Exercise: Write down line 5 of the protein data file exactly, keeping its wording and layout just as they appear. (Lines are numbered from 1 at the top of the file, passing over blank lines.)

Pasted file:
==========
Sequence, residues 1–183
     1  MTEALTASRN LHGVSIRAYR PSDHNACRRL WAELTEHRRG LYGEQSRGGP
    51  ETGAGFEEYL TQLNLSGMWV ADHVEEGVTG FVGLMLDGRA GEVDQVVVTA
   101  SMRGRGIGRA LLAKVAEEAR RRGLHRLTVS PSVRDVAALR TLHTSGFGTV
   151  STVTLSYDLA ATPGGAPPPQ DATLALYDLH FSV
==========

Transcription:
   151  STVTLSYDLA ATPGGAPPPQ DATLALYDLH FSV